Psa. 136:9 KJV (With Strong’s)

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9
The moon
yareach (Hebrew #3394)
the moon
KJV usage: moon. Yrechow. See 3405.
Pronounce: yaw-ray'-akh
Origin: from the same as 3391
and stars
kowkab (Hebrew #3556)
a star (as round or as shining); figuratively, a prince
KJV usage: star((-gazer)).
Pronounce: ko-kawb'
Origin: probably from the same as 3522 (in the sense of rolling) or 3554 (in the sense of blazing)
to rule
memshalah (Hebrew #4475)
rule; also (concretely in plural) a realm or a ruler
KJV usage: dominion, government, power, to rule.
Pronounce: mem-shaw-law'
Origin: feminine of 4474
by night
layil (Hebrew #3915)
also laylah {lah'- yel-aw}; from the same as 3883; properly, a twist (away of the light), i.e. night; figuratively, adversity
KJV usage: ((mid-))night (season).
Pronounce: lah'-yil
Origin: or (Isa. 21:11) leyl {lale}
: for his mercy
checed (Hebrew #2617)
kindness; by implication (towards God) piety: rarely (by opposition) reproof, or (subject.) beauty
KJV usage: favour, good deed(-liness, -ness), kindly, (loving-)kindness, merciful (kindness), mercy, pity, reproach, wicked thing.
Pronounce: kheh'-sed
Origin: from 2616
endureth for ever
`owlam (Hebrew #5769)
from 5956; properly, concealed, i.e. the vanishing point; generally, time out of mind (past or future), i.e. (practically) eternity; frequentatively, adverbial (especially with prepositional prefix) always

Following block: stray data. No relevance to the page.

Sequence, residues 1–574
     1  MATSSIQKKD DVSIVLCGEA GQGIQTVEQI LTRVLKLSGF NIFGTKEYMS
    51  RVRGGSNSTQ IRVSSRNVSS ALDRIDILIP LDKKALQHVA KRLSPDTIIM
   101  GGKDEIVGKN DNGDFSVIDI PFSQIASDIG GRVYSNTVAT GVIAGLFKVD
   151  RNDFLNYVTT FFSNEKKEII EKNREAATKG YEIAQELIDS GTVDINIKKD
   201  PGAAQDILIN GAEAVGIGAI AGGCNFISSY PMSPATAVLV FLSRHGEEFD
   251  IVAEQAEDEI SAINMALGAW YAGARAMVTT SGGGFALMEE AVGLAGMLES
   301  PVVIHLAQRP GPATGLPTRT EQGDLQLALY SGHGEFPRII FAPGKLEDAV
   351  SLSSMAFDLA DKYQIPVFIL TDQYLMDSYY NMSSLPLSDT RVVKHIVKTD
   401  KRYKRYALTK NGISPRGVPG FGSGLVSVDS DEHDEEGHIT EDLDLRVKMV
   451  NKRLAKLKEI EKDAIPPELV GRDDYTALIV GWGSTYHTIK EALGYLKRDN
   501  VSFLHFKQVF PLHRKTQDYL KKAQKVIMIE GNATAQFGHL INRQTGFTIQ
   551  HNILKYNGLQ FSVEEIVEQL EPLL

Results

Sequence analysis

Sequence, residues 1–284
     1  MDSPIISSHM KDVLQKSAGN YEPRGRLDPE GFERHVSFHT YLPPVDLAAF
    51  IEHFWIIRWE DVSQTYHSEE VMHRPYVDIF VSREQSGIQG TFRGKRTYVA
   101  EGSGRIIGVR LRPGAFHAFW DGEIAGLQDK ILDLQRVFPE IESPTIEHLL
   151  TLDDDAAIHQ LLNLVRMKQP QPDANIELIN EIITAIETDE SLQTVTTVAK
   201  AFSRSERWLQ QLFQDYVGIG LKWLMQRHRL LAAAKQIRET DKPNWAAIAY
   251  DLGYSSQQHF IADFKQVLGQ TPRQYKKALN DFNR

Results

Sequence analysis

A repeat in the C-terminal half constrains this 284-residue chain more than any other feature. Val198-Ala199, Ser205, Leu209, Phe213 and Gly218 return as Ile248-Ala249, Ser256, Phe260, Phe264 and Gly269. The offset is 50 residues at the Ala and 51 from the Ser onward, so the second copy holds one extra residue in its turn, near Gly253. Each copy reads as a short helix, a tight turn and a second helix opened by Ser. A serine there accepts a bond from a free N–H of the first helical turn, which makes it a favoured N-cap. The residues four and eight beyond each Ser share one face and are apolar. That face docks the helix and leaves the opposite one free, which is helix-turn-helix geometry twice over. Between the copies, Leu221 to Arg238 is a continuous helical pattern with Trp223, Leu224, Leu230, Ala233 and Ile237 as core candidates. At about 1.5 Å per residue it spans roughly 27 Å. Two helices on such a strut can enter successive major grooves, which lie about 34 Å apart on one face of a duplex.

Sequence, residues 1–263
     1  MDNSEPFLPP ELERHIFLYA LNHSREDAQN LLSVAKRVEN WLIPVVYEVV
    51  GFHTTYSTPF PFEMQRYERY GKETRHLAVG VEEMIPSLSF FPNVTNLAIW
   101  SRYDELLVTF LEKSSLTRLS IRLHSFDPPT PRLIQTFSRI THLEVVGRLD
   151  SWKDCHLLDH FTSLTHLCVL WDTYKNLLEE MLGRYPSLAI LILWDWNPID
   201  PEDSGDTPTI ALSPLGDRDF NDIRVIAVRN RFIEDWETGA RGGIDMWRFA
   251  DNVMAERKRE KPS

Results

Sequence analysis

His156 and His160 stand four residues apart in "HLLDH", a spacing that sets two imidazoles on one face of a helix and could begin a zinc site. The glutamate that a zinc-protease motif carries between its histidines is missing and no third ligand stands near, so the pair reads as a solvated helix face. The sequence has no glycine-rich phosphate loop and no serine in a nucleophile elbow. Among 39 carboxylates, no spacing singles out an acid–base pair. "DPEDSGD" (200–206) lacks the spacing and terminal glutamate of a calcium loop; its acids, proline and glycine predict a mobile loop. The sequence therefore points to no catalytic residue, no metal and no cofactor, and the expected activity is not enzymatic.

KJV usage: alway(-s), ancient (time), any more, continuance, eternal, (for, (n-))ever(-lasting, -more, of old), lasting, long (time), (of) old (time), perpetual, at any time, (beginning of the) world (+ without end). Compare 5331, 5703.
Pronounce: o-lawm'
Origin: or lolam {o-lawm'}
.

Cross References

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The moon and stars.The sun is the monarch of day, the state of light; the moon of the night, the state of darkness.
The rays of the sun falling on the atmosphere, are refracted and diffused over the whole of the hemisphere of the earth immediately under his orb; while those rays of that vast luminary which, because of the earth's smallness in comparison with the sun, are diffused on all sides beyond the earth, falling on the opaque disc of the moon, are reflected back on the lower hemisphere, or the part of the earth opposite the sun.
But the reflected light being 50,000 times less in intensity than that of the sun, there is a sufficient distinction between day and night, though each is ruled and determined by one of these two great lights.

J. N. Darby Translation

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9
The moon and stars for rule overd the night, for his loving-kindness endureth for ever:

JND Translation Notes

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d
Or "during."